Whether you're newlyweds, soon to be wed or an old married couple, money is at least as important to a balanced, happy marriage as love and sex. Money is a common cause of conflict -- and even divorce -- among couples. Blend your financial lives successfully, and you are more likely to have a happy marriage.
Because opposites attract, combining money-management styles that conflict is among the greatest challenges married couples face. Early and frequent communication is critical, says Cathy Pareto, a financial adviser in Coral Gables, Fla. That includes discussing your debts, income, credit history, investments and goals. "You've got to meet in the middle," Pareto says. "Otherwise, I promise you there will be fights."
Starting out. The first conversation could be an uncomfortable one. Maybe one of you has a low credit score or a lot of credit card debt. Or perhaps you have significant differences in your approach to spending and saving. Until you've had plenty of honest dialogue, set the ground rules and built the trust you need to put your money together, Pareto recommends keeping accounts mostly separate. "Better to wait to commingle than to do it too soon and be unpleasantly surprised to learn that you have an irresponsible partner."
You may be able to make do with an informal split of your finances. Alec Papazian, 27, and Brooks Heckner, 31, of Cambridge, Mass., who plan to marry this summer, have been living together since 2006. They have no shared accounts or assets, so they divvy up their mutual expenses.
To account for a gap in their earnings, Heckner pays $75 more in rent each month. Papazian pays the utility bills, and Heckner covers the cable and Internet. Then they eyeball most of their other expenses to determine a fair split.
Shannon Hancock, 33, and Scott Knight, 42, who are getting married in September, are more comfortable with the prospect of combining accounts. They chat monthly about their individual budgets, which Hancock expects will help with their transition to budgeting as a couple. They plan to open a joint checking account, from which they could pay their mortgage and other bills, and sign up for a joint credit card.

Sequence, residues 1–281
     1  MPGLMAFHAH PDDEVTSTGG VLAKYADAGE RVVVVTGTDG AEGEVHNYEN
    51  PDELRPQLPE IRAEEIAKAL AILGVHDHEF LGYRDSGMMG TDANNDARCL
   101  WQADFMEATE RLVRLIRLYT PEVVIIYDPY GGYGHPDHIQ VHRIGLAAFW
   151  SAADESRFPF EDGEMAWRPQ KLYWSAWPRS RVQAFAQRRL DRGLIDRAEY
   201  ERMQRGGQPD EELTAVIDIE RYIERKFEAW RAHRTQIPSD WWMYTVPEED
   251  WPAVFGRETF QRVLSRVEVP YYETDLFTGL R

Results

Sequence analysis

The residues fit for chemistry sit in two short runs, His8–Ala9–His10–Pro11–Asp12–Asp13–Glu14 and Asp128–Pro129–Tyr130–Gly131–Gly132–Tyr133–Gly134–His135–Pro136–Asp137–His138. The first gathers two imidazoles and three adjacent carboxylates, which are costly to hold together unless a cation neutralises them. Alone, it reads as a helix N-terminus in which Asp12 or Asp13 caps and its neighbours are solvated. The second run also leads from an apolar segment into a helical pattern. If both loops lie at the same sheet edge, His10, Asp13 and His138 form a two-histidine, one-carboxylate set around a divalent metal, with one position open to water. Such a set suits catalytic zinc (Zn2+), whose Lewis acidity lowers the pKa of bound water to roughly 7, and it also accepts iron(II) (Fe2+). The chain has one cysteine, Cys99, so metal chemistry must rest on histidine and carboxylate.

After the honeymoon. Especially after you buy a house and have kids, it makes sense to merge more of your finances -- although most financial advisers recommend that you each keep at least one credit card in your own name and have access to some money that you can spend without having to consult your spouse (you should check with each other about large purchases). Since Julie Billing, 37, and her husband, Greg, 39, of West Milton, Ohio, got married more than 14 years ago, they have stuck to a strategy of merging their bank accounts. Julie usually handles the bill paying and budgeting. Having such a "family CFO" is a common way for couples to handle expenses, says Pareto.
Talk frequently about your plans, and don't let your emotions become stumbling blocks. Doug Pauley, a financial adviser in Austin, Tex., says sometimes it can help to consult a financial counselor or a financial planner you both trust, who can add perspective and help defuse arguments.
Lisa has been the editor of Kiplinger Personal Finance since June 2023. Previously, she spent more than a decade reporting and writing for the magazine on a variety of topics, including credit, banking and retirement. She has shared her expertise as a guest on the Today Show, CNN, Fox, NPR, Cheddar and many other media outlets around the nation. Lisa graduated from Ball State University and received the school’s “Graduate of the Last Decade” award in 2014. A military spouse, she has moved around the U.S. and currently lives in the Philadelphia area with her husband and two sons.